Democracy, according to the Council of Europe, derives its moral strength, and popular appeal, from two key principles The first is individual autonomy – the idea no-one should be subject to rules which have been imposed by others. (So where’s Scotland’s Section 30 order so that it has the right to choose its own future?) The second is equality – the idea everyone should have the same opportunity to influence the decisions that affect people in society. (So Scottish requests and ideas should be listened to and considered with respect.)

Instead of taking part directly in law making, modern democracies are representative democracy. They, according to the Council, can lay some claim to being “democratic” because representative democracy is, at least to some degree, based on these two principles.

People participate in government by voting, or standing to become a representative of the people. Democracy, however, is about far more than just voting, and there are numerous other ways of engaging with politics and government. The effective functioning of democracy, in fact, depends on ordinary people using these other means as much as possible. If people only vote once every 4 or 5 years – or do not vote at all – and if they do nothing else in the interim, then government really cannot be said to be “by the people”. It is hard to say that such a system is a democracy.

This is interesting given the insistence of the Tories that the 2014 independence referendum should be respected and that there is no reason to grant another, despite a majority in the Scottish Parliament and in polls being in favour of a second independence referendum.. Some politicians go so far as to say referendums should be banned. Yet according to the Council of Europe people have a right to use “these other means as much as possible”. So for Scotland, Tory government is not “by the people” and our system is definitely not a democracy. But then according to the SCOT goes POP poll many already know that.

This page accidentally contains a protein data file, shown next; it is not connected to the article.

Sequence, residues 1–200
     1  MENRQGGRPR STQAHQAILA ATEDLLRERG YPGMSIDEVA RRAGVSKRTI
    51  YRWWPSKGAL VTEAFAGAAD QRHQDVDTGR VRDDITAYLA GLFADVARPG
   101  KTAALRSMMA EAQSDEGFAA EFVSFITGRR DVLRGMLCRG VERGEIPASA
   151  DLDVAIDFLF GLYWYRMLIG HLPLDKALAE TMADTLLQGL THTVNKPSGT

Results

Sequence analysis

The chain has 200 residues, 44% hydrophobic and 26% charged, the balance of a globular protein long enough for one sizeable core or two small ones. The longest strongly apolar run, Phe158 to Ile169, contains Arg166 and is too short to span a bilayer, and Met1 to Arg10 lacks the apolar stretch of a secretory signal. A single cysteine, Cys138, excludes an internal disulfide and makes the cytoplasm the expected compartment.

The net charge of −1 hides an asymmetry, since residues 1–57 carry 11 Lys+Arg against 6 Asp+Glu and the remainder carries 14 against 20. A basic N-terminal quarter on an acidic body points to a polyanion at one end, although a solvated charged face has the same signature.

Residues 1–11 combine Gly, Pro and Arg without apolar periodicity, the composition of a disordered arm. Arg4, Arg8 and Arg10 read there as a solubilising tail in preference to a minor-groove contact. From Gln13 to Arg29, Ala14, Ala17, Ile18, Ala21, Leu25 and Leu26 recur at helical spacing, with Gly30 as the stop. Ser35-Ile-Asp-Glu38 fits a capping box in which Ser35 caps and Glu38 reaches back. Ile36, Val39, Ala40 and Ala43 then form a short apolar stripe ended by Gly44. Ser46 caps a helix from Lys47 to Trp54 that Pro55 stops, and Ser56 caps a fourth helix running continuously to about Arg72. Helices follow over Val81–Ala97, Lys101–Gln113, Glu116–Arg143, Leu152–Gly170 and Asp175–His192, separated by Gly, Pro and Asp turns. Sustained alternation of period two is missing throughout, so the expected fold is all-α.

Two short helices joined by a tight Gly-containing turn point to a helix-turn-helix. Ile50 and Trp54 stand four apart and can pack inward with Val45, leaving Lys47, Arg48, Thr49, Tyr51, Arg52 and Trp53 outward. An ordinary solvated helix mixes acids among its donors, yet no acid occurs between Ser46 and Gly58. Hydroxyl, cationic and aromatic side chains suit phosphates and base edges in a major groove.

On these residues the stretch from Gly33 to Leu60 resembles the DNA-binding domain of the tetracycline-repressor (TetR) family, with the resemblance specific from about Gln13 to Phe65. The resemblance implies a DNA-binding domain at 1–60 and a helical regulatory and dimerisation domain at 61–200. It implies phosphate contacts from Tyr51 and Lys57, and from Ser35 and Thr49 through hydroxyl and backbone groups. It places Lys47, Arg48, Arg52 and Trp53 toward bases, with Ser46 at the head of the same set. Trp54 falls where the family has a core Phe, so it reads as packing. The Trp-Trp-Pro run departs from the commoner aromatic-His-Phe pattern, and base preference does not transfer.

The values of equality and autonomy, according to the Council of Europe, are also human rights values, and the right to take part in government is itself a human right (one being denied Scotland). Examples of basic rights include: freedom of thought, conscience and religion; freedom of expression; and freedom of peaceful assembly and association.

The Westminster Government is ready to ditch much human rights law. Under the EU Withdrawal Act the UK, after Brexit, will no longer be subject to the European Union’s Charter of Fundamental Rights which provides the right to fair working conditions; protections against certain unjustified dismissal and discrimination issues; minimum paid holiday; regulations on working hours; and regulations on equal pay.

Minority interests

Minority interests are often not represented through the electoral system either because their numbers are too few to reach the minimum level necessary for representation, or because they have a minority of representatives and these may not be able to summon up the necessary votes to defeat the majority representatives. Think Scottish representation in the House of Commons.

Majority rule, if not backed up by a guarantee of human rights for all, can lead to decisions which are harmful to minorities, and the fact that these decisions are the “will of the people” can provide no justification.

The basic interests of minorities as well as majorities need to be safeguarded in any democratic system by adherence to human rights principles, reinforced by an effective legal mechanism, whatever the will of the majority may be.

Scotland in the 2016 EU referendum voted 62% to remain in the EU. Not relevant, say unionists, it was a UK vote and Leave won. Well, it appears that, according to the Council of Europe, Scots, as a minority in the UK, have a right for their votes to be taken into account, and Scotland has a right for its collective voice to be heard.

Westminster, are you listening?